Seven counties in Wales now have their own flags
Flintshire has become the latest Welsh county to adopt a flag, and campaigners hope the standard, adopted from an ancient design, will soon be flown across the area.
It is the seventh historical area in Wales to register a flag with the Flag Institute, a charity which manages a list of banners, with two other counties - the former Cardiganshire and Radnorshire areas - still campaigning for their own.
Dr Shaun Evans, who was one of the people behind Flintshire's new flag, said it won support from locals and the county council.
"It is primarily about celebrating and promoting an identity for Flintshire and help sell the county to the world," said Dr Evans.
But has your county got a flag, and do you recognise it?
Take our quiz below to find out.
1) A rose on a cross
This flag was launched in a flag dedication service in a local castle in 1988.
The banner is based on the flag of St David, with the Tudor rose symbolising Henry VII, who was born in this county.
The blue and green represent the land and cliffs of this region.
2) Three chevrons
This flag dates from the 12th century but was officially registered in 2013.
It is based on a banner of the arms attributed to Iestyn ap Gwrgant, the last native ruler of the kindgom of Morgannwg, on which this county is based.
The design has been used by various councils in the area.
3) Three dragons
This flag dates from the 15th century.
The design of three lions and a chevron is believed to date back to local ruler, Hwfa ap Cynddelw. The earliest reference made to it appears to be in the work of the 15th century bard Lewys Glyn Cothi.
The arms were the recognisable county emblem before being registered as a flag, and were used by the local council, police and fire brigade.
4) Three goats and a sun
This flag, featuring three goats and a sun, was registered in January 2015 as a traditional design which dates back to the 17th century.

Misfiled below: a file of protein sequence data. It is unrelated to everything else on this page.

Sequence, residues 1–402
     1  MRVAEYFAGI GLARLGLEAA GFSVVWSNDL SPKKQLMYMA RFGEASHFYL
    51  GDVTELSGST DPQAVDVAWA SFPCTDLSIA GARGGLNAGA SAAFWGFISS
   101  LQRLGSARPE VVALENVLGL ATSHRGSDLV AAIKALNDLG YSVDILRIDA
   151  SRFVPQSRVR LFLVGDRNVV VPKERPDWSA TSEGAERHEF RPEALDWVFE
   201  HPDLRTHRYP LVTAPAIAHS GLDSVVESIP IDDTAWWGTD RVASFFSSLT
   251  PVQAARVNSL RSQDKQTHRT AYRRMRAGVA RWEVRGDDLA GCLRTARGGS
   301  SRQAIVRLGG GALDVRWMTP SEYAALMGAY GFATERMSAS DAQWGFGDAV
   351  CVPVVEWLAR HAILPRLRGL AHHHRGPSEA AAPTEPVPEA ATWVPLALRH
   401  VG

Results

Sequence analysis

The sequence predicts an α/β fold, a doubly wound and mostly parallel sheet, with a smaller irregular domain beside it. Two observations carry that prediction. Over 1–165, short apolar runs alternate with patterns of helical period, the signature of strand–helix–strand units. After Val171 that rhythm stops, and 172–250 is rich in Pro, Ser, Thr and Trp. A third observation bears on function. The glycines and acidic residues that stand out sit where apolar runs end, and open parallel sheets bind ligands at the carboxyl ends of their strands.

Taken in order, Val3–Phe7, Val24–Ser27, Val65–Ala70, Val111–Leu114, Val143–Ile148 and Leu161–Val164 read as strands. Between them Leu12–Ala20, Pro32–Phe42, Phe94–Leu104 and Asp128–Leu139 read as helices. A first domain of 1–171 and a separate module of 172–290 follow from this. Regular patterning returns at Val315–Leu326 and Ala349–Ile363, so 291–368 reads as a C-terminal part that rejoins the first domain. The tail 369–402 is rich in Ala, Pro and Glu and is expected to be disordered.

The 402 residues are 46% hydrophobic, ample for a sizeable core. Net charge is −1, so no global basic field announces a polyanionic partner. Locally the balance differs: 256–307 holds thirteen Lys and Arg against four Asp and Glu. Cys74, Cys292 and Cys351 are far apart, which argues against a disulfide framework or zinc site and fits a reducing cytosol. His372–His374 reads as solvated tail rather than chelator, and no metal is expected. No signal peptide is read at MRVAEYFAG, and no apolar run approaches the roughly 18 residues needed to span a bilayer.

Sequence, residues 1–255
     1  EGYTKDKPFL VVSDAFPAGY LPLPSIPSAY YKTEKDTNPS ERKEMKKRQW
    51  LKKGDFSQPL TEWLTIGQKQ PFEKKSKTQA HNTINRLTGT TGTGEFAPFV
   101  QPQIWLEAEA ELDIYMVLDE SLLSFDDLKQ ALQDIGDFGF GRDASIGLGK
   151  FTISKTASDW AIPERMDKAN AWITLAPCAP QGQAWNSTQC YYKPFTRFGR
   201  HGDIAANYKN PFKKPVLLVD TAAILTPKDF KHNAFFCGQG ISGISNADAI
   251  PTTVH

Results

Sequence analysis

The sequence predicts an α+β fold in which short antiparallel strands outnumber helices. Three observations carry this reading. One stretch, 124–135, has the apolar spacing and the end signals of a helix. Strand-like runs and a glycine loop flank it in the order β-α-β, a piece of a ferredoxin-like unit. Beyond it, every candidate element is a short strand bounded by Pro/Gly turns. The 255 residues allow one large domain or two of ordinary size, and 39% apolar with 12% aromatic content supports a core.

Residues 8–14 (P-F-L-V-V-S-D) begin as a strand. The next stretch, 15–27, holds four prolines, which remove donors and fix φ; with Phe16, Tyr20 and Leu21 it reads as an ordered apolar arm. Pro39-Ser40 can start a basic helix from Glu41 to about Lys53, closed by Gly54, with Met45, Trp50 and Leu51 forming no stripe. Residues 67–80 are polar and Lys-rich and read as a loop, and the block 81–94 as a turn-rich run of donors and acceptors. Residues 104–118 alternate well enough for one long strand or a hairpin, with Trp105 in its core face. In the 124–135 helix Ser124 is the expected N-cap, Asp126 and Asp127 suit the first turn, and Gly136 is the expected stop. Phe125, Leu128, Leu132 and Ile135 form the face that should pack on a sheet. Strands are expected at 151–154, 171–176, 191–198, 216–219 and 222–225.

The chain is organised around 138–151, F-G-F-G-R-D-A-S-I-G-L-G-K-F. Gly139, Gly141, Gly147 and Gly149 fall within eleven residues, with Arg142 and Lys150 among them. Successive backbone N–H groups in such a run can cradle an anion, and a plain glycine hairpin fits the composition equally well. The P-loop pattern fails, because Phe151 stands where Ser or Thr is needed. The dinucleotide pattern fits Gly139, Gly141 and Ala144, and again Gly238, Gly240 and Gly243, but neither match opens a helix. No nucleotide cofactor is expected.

It was an adaptation of the seal used by a former county council.
The design was based on a description of a banner borne by the men of the area at the Battle of Agincourt, in the 17th century poem of the same name by Michael Drayton.
5) Three eagles
This flag was registered in March 2012, but its origins date back to a 12th century king.
The three eagles on this flag represent the legendary ones of a mountainous region in this area, whose Welsh name means "nest of eagles".
The banner is originally understood to have been used by Owain Gwynedd, whose kingdom covered most of the present day county.
The design has also featured on the seal and arms on the later county council and the emblems of a number of local organisations.
6) Four choughs
The design of this flag dates back to the 14th century, when the choughs - the four black birds which feature on the standard - populated the coast of this county.
Although choughs no longer live in this region they have been retained on the emblem, which has been used by councils and local clubs.
The ancient arms is understood to be a banner posthumously assigned to Edwin Tegeingl, the 11th century Lord or King of Tegeingl, which formed the core of this county.
7) ... and three fleur-de-lys on a background of black and blue
This flag dates back to the 6th century and is based on the arms attributed by medieval heralds to King Inyr, who was from the county it represents.
These arms have historically been part of the coat of arms of the local county council. They have also been used by local organisations including the rugby club.
1) Pembrokeshire; 2) Glamorgan; 3) Anglesey; 4) Merioneth; 5) Caernarfonshire; 6) Flintshire; 7) Monmouthshire.
Source: UK Flag Registry